Navajo-Hopi Nations,Flagstaff & Winslow News
Thu, June 24

Music Review: Razor Saltboy makes 'One Last Ride'

S.J. Wilson/Observer
Razor Saltboy, 'The Rhymemaker,' takes a break on the road at Mary's Cafe in Flagstaff. Not a coffee drinker, he dreams about cold orange juice and Navajo girls.

S.J. Wilson/Observer Razor Saltboy, 'The Rhymemaker,' takes a break on the road at Mary's Cafe in Flagstaff. Not a coffee drinker, he dreams about cold orange juice and Navajo girls.

FLAGSTAFF -- Razor Saltboy's "One Last Ride" is a spirited romp across the vast Navajo Reservation. This CD is all about love, life alone and far-flung travels. Listening to Razor's songs calls to mind historical accounts of Navajo people riding across Dinetah on horseback, singing as they traveled along.

Largely biographical, "One Last Ride" features Razor's description of journeys across Arizona, New Mexico and Utah in the 12 songs recorded on his latest offering.

"Some of these songs may be personal, but I still stand back and write objectively," Razor said. "I rely on my life experiences to convey the messages in my song, but I still don't open my soul to everybody."

"Driving down the road in my truck, my baby at my side," Razor's first line on the CD invites the listener along on a cheerful cruise with the radio on a country station.

"I find the highway's a good way to get over being blue," he sings, and admits that he is ready for the ride.

If Razor's music is taken at face value, it is an admission that romance can take a hopeful Navajo man from Crystal, N.M., to Monument Valley, Indian Wells, Chinle, even Tuba City "on every bad road and highway."

But the journey is worth it, according to the song "Navajo Girls."

"Navajo girls they know everything about love. They don't worry about the Man in the Moon or the stars above. You burn up like wood when they make you feel so good. All the women in the world don't compare to Navajo girls."

Another song declares that "reservation ladies know how to make you feel like number one. Yeah, reservation ladies are forever true. They know how to give sweet, sweet love to you."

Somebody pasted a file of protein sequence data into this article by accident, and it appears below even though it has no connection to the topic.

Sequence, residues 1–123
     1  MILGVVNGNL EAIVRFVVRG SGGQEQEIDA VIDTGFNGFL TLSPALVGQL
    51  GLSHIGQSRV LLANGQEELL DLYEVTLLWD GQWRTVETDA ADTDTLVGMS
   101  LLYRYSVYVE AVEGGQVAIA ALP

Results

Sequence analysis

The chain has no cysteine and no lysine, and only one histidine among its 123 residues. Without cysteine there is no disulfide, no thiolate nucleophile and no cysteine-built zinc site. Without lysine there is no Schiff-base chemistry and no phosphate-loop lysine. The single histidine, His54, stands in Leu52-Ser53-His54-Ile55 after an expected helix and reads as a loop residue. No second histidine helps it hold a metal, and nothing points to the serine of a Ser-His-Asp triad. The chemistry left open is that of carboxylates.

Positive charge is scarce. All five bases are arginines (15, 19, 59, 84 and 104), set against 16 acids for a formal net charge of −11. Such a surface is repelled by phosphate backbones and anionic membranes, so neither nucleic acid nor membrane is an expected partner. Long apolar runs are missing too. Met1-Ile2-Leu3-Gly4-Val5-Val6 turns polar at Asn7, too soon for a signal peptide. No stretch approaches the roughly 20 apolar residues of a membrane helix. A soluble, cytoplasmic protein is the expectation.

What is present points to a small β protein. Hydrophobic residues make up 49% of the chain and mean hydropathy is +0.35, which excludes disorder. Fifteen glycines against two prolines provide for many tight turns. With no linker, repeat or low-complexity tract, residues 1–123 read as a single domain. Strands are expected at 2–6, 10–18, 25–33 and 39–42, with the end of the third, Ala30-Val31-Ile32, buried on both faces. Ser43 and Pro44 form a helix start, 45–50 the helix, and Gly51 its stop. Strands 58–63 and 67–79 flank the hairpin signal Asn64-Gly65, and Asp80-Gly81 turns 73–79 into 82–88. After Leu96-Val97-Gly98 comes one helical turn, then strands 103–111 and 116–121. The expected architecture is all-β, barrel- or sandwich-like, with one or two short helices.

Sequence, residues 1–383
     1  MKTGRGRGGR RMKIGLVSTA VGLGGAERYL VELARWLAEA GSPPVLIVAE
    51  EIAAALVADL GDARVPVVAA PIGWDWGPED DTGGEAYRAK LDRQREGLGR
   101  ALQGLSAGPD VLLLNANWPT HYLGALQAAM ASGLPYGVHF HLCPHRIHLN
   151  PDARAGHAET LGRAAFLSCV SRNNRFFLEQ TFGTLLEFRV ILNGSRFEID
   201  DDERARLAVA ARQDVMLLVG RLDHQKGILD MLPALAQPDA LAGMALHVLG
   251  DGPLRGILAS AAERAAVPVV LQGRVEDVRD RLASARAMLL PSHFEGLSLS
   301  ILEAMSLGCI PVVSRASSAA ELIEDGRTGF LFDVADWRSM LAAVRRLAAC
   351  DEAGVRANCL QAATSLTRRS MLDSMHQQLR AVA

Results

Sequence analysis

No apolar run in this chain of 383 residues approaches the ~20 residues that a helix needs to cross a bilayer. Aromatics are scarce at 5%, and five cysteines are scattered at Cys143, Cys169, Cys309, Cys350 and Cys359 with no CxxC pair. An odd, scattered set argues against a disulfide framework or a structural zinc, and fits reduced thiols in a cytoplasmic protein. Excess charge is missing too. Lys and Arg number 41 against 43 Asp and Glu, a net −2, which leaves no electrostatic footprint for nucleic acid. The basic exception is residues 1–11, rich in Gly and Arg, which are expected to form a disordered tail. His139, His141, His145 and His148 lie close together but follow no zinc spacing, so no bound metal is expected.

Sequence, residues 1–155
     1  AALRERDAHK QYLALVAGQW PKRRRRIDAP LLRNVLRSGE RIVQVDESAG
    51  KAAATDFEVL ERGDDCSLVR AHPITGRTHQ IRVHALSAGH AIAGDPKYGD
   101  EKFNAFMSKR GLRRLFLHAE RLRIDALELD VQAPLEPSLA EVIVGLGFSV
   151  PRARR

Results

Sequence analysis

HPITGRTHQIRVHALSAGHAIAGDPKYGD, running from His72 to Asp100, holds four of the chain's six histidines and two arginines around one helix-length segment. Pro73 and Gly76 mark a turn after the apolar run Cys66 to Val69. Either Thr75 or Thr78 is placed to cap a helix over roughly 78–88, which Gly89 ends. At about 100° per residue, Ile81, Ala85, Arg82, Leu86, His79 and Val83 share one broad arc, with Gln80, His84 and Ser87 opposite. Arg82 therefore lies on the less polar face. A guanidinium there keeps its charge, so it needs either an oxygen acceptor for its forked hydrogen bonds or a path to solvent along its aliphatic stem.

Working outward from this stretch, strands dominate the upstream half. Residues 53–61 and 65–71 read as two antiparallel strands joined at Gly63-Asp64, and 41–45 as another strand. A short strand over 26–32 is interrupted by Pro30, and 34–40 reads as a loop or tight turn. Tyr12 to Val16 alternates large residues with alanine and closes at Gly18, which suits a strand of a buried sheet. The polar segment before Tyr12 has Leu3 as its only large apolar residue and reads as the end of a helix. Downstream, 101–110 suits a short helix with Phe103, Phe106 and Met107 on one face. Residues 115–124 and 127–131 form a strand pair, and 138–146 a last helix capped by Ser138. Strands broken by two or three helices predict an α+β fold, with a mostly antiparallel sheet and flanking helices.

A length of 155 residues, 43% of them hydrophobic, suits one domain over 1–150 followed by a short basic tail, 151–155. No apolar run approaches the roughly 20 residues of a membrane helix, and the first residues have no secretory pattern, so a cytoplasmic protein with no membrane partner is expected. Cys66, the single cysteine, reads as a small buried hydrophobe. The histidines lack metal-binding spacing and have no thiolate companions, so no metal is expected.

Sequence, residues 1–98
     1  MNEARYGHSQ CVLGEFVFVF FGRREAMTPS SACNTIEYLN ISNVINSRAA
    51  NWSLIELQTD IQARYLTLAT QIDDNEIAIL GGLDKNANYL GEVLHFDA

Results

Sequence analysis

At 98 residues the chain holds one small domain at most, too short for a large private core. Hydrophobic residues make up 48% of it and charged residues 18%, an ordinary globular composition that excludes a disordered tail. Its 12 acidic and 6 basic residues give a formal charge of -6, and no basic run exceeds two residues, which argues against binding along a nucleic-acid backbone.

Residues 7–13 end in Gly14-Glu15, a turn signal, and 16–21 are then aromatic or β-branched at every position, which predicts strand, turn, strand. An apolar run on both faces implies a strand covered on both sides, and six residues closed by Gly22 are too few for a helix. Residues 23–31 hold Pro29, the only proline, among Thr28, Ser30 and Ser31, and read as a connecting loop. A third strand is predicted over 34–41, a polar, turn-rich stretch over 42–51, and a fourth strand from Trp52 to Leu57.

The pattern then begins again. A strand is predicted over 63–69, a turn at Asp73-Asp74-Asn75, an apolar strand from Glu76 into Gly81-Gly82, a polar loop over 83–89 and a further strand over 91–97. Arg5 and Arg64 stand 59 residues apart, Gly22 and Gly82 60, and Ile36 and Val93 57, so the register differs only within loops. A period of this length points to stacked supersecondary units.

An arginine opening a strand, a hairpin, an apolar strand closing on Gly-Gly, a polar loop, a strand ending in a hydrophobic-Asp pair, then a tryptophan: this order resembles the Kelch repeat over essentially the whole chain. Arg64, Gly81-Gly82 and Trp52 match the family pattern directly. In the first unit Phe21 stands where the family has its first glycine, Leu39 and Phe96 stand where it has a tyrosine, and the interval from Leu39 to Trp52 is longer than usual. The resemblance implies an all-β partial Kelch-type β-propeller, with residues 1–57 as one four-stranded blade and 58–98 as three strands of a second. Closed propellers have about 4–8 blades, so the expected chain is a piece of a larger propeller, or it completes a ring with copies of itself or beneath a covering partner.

But the reservation can also be a lonely world too. There are songs that talk about a young man's pining for a beautiful woman he spots at a dance, another where a man remembers a powwow dancer from his past.

"My little sweet powwow dancer," Razor sings, "the drum is calling your name. My little sweet powwow dancer, your favorite song is not the same without you. You were the sweetest child I've ever known, it's hard to believe you're gone."

There are songs of tragedy, of suicide and women who have lost hope--Razor, as the Rhymemaker, sings accounts of several of them.

There has also been time alone, and of being used. "I'm Not Your Holiday Inn" was written during one of those times.

"I tried so hard to give you the best of my love, but you said that my heart was just not enough. You wanted much more than I could give."

This song was inspired by different situations, and describes a woman who only comes around when she wants a good time. But the man in this song has finally gathered his pride and made a stand.

"Woman, I don't have your reservation, there's no vacancy in this heart of mineÉI'm not Your Holiday Inn."

The title song "One Last Ride" describes an aging cowboy sitting back, alone, contemplating past rides. The song ends with "He's out on the trail on his last ride."

Another song was written in Razor's truck returning from an outing with friends to his home in Crystal. "